Yeoman and JavaScript, etc | Tiffany R. White Blog

Yeoman and JavaScript, etc

Reading time: 5 mins

Yeoman.jpg

 

 

Yeoman

(Currently laying in bed, terrible sinus headache today, writing this on my iPad in Editorial. If it’s ridden with typos I’ll fix them once I get up and head to my Mac).

So, my Code Newbie pal and former guest on the podcast Mark Pearyer (pronounced Pierre) and I, as well as a few other Code Newbies are working on a hangman app. Mark presented this nice looking boilerplate for the app. He said that he made the boilerplate with Yeoman generator. If you don’t know what a boilerplate is check out this article.

I sat down and watched the Yeoman intro Yeoman intro video and immediately became excited about the possibilities for my own apps and websites.

Downloaded yo, bower, set up a test app, and run the grunt server. I’m hooked. I plan on using Yeoman to build two apps I have an idea for.

Fun with For Loops and Arrays

I love loops. I can see how effective they would be when repeating tasks and functions. The most logical part of JavaScript for me is looping. Not sure why. In Free Code Camp’s Codecademy track they’ve grouped arrays and for loops together. It’s strange when I think about JSON and JavaScript arrays and how they differ, where in JSON you can’t mix data types (for example, integers and strings aren’t allowed in the same array in JSON but can be in the same array in JavaScript). Anyway we built simple for loops with arrays like this:

var names = ["Tiffany", "John", "Joe", "Rick", "Jerri"];
for (var i = 0; i < names.length; i++) {
console.log("I know someone called " + names[i]);
}

The variable i refers back to the names in this case. Since we have an array and counting in the array begins at 0, the second part of the for loop is going to calculate the number of names in the names variable, or the length of the array. Then in the last part of the for loop, the loop is coming back around and counting up to the next name. It will do this because the ++ means to increase by 1. It will do this for the length of the array, and for as long as i is less than the length of the array. The console.log prints out the string and concatenates the string plus the names in the array.

Cool.

So I’m sharing, again, what I’m listening to on Spotify. On the Code Newbie Discourse we talked about music to code by and I found some awesome wub wub dubstep to kill code by. I’ll share my favorite here (NSFW):

Yeoman.jpg

 

 

Yeoman

(Currently laying in bed, terrible sinus headache today, writing this on my iPad in Editorial. If it’s ridden with typos I’ll fix them once I get up and head to my Mac).

So, my Code Newbie pal and former guest on the podcast Mark Pearyer (pronounced Pierre) and I, as well as a few other Code Newbies are working on a hangman app. Mark presented this nice looking boilerplate for the app. He said that he made the boilerplate with Yeoman generator. If you don’t know what a boilerplate is check out this article.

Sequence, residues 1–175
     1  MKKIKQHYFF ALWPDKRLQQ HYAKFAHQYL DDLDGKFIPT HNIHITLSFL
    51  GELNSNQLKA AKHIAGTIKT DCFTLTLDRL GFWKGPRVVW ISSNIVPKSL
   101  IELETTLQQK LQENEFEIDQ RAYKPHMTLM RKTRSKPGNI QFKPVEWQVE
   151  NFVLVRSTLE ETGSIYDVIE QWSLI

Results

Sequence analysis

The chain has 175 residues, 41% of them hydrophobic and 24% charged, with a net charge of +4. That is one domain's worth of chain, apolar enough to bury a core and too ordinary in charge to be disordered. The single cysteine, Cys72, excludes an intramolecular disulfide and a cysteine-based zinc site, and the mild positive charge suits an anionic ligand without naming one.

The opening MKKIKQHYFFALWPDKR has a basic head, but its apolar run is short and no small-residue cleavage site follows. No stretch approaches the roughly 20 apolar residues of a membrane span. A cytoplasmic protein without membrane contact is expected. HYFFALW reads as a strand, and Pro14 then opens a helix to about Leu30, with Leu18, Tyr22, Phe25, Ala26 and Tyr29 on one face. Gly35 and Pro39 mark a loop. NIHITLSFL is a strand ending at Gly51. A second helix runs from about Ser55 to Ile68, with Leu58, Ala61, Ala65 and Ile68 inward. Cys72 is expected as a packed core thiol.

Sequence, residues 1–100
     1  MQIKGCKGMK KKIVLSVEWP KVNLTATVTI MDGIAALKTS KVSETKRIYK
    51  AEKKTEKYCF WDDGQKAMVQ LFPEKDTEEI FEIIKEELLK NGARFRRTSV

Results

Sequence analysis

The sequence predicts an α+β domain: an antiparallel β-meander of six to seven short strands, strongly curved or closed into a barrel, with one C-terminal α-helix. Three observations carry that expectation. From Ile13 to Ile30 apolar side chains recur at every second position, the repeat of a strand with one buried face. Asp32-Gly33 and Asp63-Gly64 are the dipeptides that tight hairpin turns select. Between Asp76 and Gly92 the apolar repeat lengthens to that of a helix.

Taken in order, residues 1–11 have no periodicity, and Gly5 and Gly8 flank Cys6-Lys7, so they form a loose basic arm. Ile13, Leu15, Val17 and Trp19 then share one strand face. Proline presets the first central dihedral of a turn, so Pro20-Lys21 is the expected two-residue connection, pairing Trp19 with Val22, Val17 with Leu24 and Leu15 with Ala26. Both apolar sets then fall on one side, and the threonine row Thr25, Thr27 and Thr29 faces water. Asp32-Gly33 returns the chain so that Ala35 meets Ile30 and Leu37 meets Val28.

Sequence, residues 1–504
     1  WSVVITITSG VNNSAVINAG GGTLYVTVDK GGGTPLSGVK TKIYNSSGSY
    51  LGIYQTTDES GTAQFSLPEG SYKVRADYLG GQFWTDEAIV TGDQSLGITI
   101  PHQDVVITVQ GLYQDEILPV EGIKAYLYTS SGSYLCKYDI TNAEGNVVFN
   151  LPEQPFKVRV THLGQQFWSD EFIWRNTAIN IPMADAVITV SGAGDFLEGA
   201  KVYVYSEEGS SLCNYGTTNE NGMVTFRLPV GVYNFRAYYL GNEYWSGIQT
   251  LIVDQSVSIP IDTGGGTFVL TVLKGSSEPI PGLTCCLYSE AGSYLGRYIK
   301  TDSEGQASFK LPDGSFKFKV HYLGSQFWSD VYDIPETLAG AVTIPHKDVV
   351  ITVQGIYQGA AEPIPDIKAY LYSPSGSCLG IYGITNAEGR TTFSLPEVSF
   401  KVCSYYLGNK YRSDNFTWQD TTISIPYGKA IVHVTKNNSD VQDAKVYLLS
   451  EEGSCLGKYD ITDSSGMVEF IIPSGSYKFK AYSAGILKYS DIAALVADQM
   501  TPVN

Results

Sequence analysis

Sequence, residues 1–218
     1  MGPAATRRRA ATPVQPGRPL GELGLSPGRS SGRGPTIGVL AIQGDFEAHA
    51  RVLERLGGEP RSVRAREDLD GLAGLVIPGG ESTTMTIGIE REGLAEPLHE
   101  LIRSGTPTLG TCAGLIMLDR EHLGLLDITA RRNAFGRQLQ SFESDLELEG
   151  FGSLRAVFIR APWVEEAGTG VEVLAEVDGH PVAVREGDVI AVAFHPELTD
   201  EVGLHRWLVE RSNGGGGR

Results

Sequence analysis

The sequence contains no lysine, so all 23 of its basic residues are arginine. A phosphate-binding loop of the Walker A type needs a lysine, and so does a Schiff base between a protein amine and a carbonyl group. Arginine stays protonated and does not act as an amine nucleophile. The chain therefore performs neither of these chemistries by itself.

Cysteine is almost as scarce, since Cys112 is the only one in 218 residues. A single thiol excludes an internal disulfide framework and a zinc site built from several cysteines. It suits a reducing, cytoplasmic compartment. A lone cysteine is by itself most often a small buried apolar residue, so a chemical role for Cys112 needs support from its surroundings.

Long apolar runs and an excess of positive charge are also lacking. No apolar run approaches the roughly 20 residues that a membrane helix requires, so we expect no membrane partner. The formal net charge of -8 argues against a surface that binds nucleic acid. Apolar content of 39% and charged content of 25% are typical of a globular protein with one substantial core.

I sat down and watched the Yeoman intro Yeoman intro video and immediately became excited about the possibilities for my own apps and websites.

Downloaded yo, bower, set up a test app, and run the grunt server. I’m hooked. I plan on using Yeoman to build two apps I have an idea for.

Fun with For Loops and Arrays

I love loops. I can see how effective they would be when repeating tasks and functions. The most logical part of JavaScript for me is looping. Not sure why. In Free Code Camp’s Codecademy track they’ve grouped arrays and for loops together. It’s strange when I think about JSON and JavaScript arrays and how they differ, where in JSON you can’t mix data types (for example, integers and strings aren’t allowed in the same array in JSON but can be in the same array in JavaScript). Anyway we built simple for loops with arrays like this:

var names = ["Tiffany", "John", "Joe", "Rick", "Jerri"];
for (var i = 0; i < names.length; i++) {
console.log("I know someone called " + names[i]);
}

The variable i refers back to the names in this case. Since we have an array and counting in the array begins at 0, the second part of the for loop is going to calculate the number of names in the names variable, or the length of the array. Then in the last part of the for loop, the loop is coming back around and counting up to the next name. It will do this because the ++ means to increase by 1. It will do this for the length of the array, and for as long as i is less than the length of the array. The console.log prints out the string and concatenates the string plus the names in the array.

Cool.

So I’m sharing, again, what I’m listening to on Spotify. On the Code Newbie Discourse we talked about music to code by and I found some awesome wub wub dubstep to kill code by. I’ll share my favorite here (NSFW):

https://open.spotify.com/user/thetruckert/playlist/2TY4Y6Cg3R2i3UPS2WkvYa



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